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The Sun's G-Force

  1. May 17, 2003 #1
    What is the g force (anomaly) of the sun? I tried to calculate this one using Newton's equation. I did this:

    [(6.67 * 10^-11)(2 * 10^30)]/(0.7 * 10^6)

    Where F = GM/r^2 ( I think), but I got 272244898, which seems really wrong. I can't find it anywhere online and I'm trying to figure out the effect of the anomaly of a black hole on the oscillation of the fabric of spacetime due to gravitational wave propagation. I think the first step is finding the force of the sun, then multiplying that by the number of solar masses that a black hole has to find its effects on the distortion of time, etc. PLEASE let me know if you know the g force or if I am approaching this in a completely wrong manner. Thanks!
  2. jcsd
  3. May 17, 2003 #2


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    First off
    F = GMm/r²

    GM/r² gives you the acceleration due to gravity. On the surface of the Earth this comes out to about 9.8m/sec² and is called one g.

    G-force is usually considered a factor of this. (On the surface of a planet where the acceleration of gravity is 19.6m/sec² we say some one experiences 2 gs.

    Second, where did you get the value of .7 x 106 for the radius squared ? ( making the radius 836.66 meters)
  4. May 17, 2003 #3
    I got that value from some website (I knew I should have looked for a better radius). How can I figure out the g of a 10 solar mass black hole? If the sun is a certain "g" then can I multiply it by 10 to get the g of a 10 solar mass black hole?
  5. May 17, 2003 #4


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    For r u have to use the DISTANCE from the center of the sun...so u would add the radius of the sun to the distance from the sun surface to the earth's center..

    Im not sure if newtonian equations work for black holes or not..
  6. May 17, 2003 #5


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    Okay, I think I found your problem, the Sun's radius is 6.95 x 105 kilometers you have to convert this to meters first before plugging it into the formula.
  7. May 18, 2003 #6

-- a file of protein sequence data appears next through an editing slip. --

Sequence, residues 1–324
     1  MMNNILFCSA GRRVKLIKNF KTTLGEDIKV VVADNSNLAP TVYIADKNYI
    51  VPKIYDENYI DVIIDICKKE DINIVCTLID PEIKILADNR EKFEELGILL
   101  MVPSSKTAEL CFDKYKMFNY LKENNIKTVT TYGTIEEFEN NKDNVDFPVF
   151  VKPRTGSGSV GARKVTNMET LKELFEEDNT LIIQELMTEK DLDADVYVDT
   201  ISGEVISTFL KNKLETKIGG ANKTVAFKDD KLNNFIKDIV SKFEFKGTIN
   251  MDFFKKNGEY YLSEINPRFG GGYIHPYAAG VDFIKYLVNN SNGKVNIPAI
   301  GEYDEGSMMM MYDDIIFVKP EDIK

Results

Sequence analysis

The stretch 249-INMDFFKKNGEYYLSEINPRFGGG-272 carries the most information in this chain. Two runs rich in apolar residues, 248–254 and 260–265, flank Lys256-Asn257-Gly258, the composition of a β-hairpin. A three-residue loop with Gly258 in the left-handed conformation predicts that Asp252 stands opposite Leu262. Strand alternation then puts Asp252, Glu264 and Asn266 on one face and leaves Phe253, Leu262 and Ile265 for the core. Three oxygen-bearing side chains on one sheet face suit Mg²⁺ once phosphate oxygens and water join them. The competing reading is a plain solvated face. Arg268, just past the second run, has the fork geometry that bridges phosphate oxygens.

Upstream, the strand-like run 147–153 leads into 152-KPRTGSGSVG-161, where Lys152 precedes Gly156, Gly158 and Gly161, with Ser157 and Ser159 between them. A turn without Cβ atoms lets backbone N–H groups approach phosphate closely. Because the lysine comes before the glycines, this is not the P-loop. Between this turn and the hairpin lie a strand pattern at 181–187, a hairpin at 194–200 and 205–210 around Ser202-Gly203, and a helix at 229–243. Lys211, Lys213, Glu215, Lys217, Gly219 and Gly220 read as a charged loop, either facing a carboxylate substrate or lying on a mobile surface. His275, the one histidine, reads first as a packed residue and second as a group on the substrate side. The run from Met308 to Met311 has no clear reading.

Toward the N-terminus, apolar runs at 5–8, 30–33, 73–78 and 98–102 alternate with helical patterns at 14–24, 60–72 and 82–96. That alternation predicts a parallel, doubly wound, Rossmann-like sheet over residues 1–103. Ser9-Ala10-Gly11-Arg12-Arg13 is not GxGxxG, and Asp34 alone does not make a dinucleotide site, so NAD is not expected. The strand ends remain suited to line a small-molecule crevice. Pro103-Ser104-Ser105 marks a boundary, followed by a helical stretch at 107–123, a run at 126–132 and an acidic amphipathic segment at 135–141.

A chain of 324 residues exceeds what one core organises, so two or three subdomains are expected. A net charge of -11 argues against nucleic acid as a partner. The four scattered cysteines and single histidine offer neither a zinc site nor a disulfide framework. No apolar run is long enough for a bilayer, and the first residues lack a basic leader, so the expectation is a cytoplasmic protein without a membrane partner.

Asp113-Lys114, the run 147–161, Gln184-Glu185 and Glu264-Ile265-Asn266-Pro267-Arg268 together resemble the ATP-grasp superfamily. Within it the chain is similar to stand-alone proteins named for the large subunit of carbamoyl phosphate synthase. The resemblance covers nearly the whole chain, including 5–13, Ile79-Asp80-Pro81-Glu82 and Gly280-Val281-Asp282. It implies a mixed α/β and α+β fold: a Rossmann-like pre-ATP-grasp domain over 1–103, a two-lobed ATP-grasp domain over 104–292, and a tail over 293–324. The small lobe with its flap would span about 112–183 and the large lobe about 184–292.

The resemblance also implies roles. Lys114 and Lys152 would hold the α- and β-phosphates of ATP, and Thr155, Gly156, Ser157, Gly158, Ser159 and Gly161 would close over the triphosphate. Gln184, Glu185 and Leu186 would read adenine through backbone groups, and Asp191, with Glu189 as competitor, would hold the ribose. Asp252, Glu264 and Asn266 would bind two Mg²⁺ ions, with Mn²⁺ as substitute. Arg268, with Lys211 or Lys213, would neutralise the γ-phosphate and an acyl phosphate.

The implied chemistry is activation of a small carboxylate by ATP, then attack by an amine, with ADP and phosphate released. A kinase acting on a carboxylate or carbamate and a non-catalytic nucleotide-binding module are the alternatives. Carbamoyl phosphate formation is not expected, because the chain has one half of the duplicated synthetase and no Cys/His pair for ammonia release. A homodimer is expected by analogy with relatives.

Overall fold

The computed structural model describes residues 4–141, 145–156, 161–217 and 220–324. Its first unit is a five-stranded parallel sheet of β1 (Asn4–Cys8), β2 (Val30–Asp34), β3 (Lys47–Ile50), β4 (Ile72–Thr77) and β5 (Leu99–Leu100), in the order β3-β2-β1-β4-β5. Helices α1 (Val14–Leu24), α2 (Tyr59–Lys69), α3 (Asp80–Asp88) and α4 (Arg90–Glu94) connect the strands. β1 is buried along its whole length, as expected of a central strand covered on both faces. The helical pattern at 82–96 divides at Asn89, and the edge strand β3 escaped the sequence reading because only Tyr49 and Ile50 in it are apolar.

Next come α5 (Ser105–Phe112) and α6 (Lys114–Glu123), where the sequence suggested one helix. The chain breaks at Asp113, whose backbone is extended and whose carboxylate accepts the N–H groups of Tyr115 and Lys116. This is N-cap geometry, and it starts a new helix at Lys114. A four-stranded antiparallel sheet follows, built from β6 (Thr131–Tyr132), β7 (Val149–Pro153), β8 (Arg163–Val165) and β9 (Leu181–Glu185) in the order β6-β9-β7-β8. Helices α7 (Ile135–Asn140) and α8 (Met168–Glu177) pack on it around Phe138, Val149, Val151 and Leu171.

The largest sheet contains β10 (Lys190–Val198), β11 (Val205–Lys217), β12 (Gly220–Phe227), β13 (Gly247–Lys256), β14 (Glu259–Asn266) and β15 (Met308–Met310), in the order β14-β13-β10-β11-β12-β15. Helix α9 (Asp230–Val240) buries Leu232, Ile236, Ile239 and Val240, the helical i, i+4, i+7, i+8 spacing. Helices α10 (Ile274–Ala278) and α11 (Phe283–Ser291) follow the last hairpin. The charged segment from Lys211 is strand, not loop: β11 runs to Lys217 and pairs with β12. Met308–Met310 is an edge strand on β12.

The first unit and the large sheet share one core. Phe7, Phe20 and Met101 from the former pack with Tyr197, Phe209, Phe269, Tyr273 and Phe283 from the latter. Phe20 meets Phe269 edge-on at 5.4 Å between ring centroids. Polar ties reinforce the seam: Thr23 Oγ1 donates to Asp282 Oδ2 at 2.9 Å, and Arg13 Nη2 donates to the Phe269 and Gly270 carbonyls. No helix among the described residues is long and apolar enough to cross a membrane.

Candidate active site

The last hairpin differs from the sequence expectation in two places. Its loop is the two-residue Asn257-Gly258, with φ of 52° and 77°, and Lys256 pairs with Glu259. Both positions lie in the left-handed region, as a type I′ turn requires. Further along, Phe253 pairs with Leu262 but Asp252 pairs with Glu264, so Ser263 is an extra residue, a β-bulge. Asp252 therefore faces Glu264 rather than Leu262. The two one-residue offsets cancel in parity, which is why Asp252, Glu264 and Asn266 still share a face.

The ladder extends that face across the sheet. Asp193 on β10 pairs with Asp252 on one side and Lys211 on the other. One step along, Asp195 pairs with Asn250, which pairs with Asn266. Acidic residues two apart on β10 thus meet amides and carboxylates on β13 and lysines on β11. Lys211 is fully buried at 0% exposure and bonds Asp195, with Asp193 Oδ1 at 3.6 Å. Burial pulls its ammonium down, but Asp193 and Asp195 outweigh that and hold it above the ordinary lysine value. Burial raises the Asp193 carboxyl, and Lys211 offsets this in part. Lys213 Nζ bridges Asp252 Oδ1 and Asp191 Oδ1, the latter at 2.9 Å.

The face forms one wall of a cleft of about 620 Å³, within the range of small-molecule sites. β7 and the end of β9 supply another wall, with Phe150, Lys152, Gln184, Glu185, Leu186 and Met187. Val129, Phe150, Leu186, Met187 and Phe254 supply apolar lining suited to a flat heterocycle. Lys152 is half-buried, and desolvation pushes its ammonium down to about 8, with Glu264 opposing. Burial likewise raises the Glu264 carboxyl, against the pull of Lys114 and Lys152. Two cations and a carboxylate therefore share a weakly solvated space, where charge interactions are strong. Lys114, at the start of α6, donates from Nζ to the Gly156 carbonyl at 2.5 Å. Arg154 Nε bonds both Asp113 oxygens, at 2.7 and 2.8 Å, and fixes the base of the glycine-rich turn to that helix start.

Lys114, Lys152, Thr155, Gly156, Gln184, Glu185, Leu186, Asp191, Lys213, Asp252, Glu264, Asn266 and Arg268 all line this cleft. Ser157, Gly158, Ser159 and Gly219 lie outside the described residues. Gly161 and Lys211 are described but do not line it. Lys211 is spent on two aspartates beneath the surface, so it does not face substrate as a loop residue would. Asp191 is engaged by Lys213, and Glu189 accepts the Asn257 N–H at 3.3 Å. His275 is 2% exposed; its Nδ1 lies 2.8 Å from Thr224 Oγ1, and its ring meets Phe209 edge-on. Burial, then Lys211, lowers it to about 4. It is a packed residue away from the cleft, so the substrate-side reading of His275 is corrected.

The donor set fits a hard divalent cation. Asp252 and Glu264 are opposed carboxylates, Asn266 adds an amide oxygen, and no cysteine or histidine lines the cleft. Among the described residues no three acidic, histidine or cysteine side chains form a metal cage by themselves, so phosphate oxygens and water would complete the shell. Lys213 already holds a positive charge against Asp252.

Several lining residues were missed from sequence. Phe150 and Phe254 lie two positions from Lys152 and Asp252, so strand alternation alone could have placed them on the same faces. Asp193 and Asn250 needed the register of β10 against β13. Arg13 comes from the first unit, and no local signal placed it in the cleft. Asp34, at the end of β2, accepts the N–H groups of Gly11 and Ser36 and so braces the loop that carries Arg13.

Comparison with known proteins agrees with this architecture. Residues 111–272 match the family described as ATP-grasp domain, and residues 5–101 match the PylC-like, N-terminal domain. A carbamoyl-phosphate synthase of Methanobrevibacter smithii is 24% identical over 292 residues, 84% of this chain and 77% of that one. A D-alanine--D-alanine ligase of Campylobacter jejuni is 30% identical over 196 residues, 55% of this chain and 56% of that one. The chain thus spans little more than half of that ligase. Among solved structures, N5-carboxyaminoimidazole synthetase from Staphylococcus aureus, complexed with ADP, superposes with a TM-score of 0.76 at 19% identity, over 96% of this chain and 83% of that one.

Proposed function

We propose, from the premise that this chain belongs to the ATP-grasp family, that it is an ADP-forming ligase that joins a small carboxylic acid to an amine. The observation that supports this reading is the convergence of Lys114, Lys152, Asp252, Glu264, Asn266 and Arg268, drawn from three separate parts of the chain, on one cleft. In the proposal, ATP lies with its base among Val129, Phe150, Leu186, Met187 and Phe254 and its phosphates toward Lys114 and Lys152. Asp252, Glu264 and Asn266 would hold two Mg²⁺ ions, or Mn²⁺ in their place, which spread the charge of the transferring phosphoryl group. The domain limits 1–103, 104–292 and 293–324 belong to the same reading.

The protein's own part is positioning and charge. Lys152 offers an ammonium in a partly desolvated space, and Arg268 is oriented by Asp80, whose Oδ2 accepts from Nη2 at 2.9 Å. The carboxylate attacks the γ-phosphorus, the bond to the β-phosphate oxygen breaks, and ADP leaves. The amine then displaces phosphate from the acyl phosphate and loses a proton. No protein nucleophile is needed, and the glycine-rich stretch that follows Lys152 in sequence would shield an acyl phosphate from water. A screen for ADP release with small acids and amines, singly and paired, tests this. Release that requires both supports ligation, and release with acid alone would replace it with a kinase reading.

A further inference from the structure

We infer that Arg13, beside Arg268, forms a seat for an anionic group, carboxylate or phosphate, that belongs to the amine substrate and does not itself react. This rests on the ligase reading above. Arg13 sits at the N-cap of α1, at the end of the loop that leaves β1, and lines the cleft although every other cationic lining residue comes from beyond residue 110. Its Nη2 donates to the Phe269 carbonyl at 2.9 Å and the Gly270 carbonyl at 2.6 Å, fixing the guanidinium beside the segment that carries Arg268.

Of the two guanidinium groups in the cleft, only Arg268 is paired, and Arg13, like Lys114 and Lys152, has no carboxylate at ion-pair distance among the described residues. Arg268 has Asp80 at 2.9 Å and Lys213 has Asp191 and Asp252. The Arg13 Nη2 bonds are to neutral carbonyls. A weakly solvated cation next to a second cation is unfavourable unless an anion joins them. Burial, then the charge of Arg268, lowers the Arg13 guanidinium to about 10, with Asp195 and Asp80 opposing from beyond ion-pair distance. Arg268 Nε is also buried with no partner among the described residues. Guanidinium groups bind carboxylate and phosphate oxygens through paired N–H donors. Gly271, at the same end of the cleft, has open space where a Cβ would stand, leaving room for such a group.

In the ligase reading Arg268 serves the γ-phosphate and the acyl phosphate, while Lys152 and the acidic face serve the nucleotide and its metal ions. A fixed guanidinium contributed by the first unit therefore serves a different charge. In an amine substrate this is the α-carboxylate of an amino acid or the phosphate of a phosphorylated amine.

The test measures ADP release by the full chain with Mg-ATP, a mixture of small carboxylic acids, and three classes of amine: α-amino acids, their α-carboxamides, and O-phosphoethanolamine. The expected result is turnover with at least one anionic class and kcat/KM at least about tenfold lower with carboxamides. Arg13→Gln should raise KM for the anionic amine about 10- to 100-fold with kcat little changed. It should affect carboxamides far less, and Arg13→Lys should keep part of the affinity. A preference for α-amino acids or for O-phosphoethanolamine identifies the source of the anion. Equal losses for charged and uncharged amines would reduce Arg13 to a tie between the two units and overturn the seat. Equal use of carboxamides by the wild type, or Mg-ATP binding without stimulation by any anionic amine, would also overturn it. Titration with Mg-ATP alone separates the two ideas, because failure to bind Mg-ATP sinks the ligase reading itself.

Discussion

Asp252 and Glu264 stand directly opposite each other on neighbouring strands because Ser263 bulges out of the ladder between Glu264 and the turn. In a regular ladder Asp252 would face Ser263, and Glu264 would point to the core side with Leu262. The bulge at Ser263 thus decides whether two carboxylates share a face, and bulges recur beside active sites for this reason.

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    The 'g' depends on where you are looking. It decreases as your distance gets farther away.
  8. May 18, 2003 #7
    There is none. "g-force" does not exist in science, it is a brand name of some PC videocards.

    Nor does Sun have any known gravitational anomaly.

    I guess you tried to calculate acceleration of gravity of Sun near Sun's surface using Newtonian formula, but forgot to convert Sun's radius into meters and to square it (gravitation obeys inverse square law). Doing arithmetic a little more accurate, you would get 272 m/s2 which is about 28 times the acceleration of gravity of Earth (near Earth surface).

    If you plug into denominator the distance between Earth and Sun, you'll get acceleration of gravity of Sun near Earth 0.0059 m/s2. Multiplying this by Earth mass 6x1024 kg you'll get weight of Earth 3.6x1022 N in gravitational field of Sun (the force with which Sun attracts Earth).

    Alternatively, you can calculate Earth gravitational field in the vicinity of Sun plugging into above formula Earth mass and Earth-Sun distance (and you'll find that gravitational field of Earth is about 0.00000018 m/s2 strong in Sun's neighborhood), and then you can calculate Sun's weight in this gravitational field of Earth: w = mg = 3.6x1022 N (which is the force with which Earth attracts Sun).

    Don't worry about that much. This is incoherent set of words (which separately do have scientific meaning however). Try to use other combinations (and permutations) of them - one day you may get lucky and have more meaningful sentence, though it may take some time (because there are about 10 terms here if not to count prepositions, and 10! is a big number).

    I think first step is to practice more in arithmetic, second - to learn some algebra, third - to learn some basic physics (concepts of acceleration, of mass, of force, etc), forth - to learn Newtonian law of gravitation, forth - to learn calculus and more physics, fifth - to learn learn tensor calculus, sixths - to learn some General Relativity. Only then IMO you will be able to at least find a right combination of such terms as black hole, gravitational wave and gravitational anomaly. (Before that - beware of 10!, it is a big number).
    Last edited by a moderator: May 18, 2003
  9. May 18, 2003 #8


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    But for a constant distance, yes, G is a multiple of the mass.
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